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Graves Patent Copper Spout Liner
Graves Patent RSide with Copper Spout Liner
Graves Patent LSide with Copper Spout Liner
Graves Patent RSide with Copper Spout Liner Unscrewed
Graves Patent RSide
  Graves Patent Marking.JPG - GRAVES PATENT - Hard to find tin face lamp with removable screw-in copper spout liner and brass spout cap, 2 in. to top of lid, 1 5/8 in. base dia., 1 11/16 in. spout length, marked on font PAT APL’D FOR, ex-Al Grazevich collection with O17 mark on bottom [This is a later model of the Graves patent oil wick lamp that includes the screw-in copper spout liner.  Ralph L. Graves of Sumpter, OR was awarded three patents all of which dealt with a means to keep a paraffin-type solid fuel in a liquid state by using a heat conducting spout liner assembly.  His first patent No. 853,078 was issued May 7, 1907. A second patent No. 886,204 modified his first by adding a removable perforated heat-conducting wick tube.  His final miner’s lamp patent No. 942,823 was issued Dec. 7, 1909 and modified both earlier patents by adding a rotating disk on the spout cap to adjust the heat being provided to the fuel.  The lamp shown here uses a removable screw-in copper wick tube perforated with several holes to transfer heat from the burning wick back to the fuel.  It is thought this is a later model based on his patent that used a threaded recessed brass spout cap through which the copper wick tube protrudes.  It seals through a screw-in fit on the threaded brass spout tip ring perhaps using a gasket made of non-combustible material as described in his claims to keep the liquid fuel from spilling out the spout.  Another earlier version (shown elsewhere in my pics) of the wick tube assembly found on other lamps before the patent application was filed uses the same copper wick tube and brass spout cap but the cap is friction fit into the spout.  Graves’ original patent feature used copper wires rather than a tube to transfer heat.  The difficulty of fabricating the spout assembly with wires and the expected breakage and/or damage of the wires in use made the copper tube a preferred option.  There are two aspects of the Graves miner’s lamp patent that I find interesting.  The first is that Graves lived in Sumpter, Oregon, far from the coal fields in the east where oil wick lamps were in heavy use and where nearly all the major wick lamp makers were located.  The second is that Graves’ patents all use a “typical” lamp font, lid and spout attachment for his improvements as described in his claims.  It would appear that he decided to use a rare Husson No. 3-style lamp with a stick sleeve on the screw-on lid as the typical lamp, certainly not a typical lamp from my viewpoint.]  
Graves Patent
Grier Bros Dubois PA
Grier Bros. Dubois PA Marking
Grier Bros Copper Dubois PA RSide
Grier Bros Copper Dubois PA LSide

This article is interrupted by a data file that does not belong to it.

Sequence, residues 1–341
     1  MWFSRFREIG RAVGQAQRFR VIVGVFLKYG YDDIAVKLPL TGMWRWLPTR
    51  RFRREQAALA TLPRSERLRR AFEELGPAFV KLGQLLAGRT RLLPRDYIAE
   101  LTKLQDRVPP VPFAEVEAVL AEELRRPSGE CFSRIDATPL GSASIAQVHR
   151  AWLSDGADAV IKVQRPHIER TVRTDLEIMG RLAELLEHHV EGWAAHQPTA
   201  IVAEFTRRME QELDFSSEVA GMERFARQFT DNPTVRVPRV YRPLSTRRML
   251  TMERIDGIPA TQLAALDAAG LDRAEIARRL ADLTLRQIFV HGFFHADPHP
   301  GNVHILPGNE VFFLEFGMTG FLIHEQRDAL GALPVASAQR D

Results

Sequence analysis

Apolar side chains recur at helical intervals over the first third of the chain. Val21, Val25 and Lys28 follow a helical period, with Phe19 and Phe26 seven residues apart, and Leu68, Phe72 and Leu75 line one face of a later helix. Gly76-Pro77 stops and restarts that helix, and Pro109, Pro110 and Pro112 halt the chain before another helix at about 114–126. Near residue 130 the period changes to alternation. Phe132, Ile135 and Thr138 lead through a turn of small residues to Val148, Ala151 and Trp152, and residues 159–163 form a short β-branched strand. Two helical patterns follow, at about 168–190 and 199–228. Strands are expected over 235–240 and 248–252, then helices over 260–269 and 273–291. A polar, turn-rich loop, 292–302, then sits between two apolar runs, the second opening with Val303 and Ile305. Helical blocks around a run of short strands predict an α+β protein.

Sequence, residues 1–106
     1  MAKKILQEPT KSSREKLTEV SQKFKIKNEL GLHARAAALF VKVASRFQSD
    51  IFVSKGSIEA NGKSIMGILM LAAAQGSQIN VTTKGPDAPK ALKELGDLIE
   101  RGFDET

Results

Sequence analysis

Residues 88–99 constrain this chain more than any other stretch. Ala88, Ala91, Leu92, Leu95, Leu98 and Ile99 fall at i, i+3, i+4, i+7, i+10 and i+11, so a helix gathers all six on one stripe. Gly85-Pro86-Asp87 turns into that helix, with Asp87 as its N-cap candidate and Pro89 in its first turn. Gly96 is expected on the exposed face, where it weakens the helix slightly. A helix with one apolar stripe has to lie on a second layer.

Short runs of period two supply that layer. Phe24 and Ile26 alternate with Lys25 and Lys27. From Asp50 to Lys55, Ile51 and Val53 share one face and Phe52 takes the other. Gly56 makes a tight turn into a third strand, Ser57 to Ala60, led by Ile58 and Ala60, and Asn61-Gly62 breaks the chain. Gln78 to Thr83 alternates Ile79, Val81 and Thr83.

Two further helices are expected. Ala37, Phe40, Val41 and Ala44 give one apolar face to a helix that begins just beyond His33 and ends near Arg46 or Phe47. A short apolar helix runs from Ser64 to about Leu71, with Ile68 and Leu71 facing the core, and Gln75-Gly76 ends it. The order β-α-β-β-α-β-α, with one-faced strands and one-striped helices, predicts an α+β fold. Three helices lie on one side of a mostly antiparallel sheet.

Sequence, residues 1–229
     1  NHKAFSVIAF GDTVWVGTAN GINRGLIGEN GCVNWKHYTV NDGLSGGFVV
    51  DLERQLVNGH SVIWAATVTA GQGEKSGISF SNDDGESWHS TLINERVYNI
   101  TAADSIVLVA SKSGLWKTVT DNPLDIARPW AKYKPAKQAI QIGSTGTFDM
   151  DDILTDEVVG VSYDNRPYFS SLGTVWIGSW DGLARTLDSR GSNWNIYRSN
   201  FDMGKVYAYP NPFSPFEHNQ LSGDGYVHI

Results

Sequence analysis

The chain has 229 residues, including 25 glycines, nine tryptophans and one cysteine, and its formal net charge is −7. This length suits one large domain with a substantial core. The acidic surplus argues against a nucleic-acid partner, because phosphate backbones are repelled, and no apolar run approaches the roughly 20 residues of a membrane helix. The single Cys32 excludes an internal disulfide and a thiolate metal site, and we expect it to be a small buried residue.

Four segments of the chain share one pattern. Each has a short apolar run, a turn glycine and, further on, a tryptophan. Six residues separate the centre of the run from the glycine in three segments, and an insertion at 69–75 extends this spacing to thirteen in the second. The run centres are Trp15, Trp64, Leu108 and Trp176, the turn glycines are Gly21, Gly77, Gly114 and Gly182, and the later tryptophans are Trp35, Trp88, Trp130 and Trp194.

Graves Patent Marking | GRAVES PATENT - Hard to find tin face lamp with removable screw-in copper spout liner and brass spout cap, 2 in. to top of lid, 1 5/8 in. base dia., 1 11/16 in. spout length, marked on font PAT APL’D FOR, ex-Al Grazevich collection with O17 mark on bottom [This is a later model of the Graves patent oil wick lamp that includes the screw-in copper spout liner. Ralph L. Graves of Sumpter, OR was awarded three patents all of which dealt with a means to keep a paraffin-type solid fuel in a liquid state by using a heat conducting spout liner assembly. His first patent No. 853,078 was issued May 7, 1907. A second patent No. 886,204 modified his first by adding a removable perforated heat-conducting wick tube. His final miner’s lamp patent No. 942,823 was issued Dec. 7, 1909 and modified both earlier patents by adding a rotating disk on the spout cap to adjust the heat being provided to the fuel. The lamp shown here uses a removable screw-in copper wick tube perforated with several holes to transfer heat from the burning wick back to the fuel. It is thought this is a later model based on his patent that used a threaded recessed brass spout cap through which the copper wick tube protrudes. It seals through a screw-in fit on the threaded brass spout tip ring perhaps using a gasket made of non-combustible material as described in his claims to keep the liquid fuel from spilling out the spout. Another earlier version (shown elsewhere in my pics) of the wick tube assembly found on other lamps before the patent application was filed uses the same copper wick tube and brass spout cap but the cap is friction fit into the spout. Graves’ original patent feature used copper wires rather than a tube to transfer heat. The difficulty of fabricating the spout assembly with wires and the expected breakage and/or damage of the wires in use made the copper tube a preferred option. There are two aspects of the Graves miner’s lamp patent that I find interesting. The first is that Graves lived in Sumpter, Oregon, far from the coal fields in the east where oil wick lamps were in heavy use and where nearly all the major wick lamp makers were located. The second is that Graves’ patents all use a “typical” lamp font, lid and spout attachment for his improvements as described in his claims. It would appear that he decided to use a rare Husson No. 3-style lamp with a stick sleeve on the screw-on lid as the typical lamp, certainly not a typical lamp from my viewpoint.] Download Original Image
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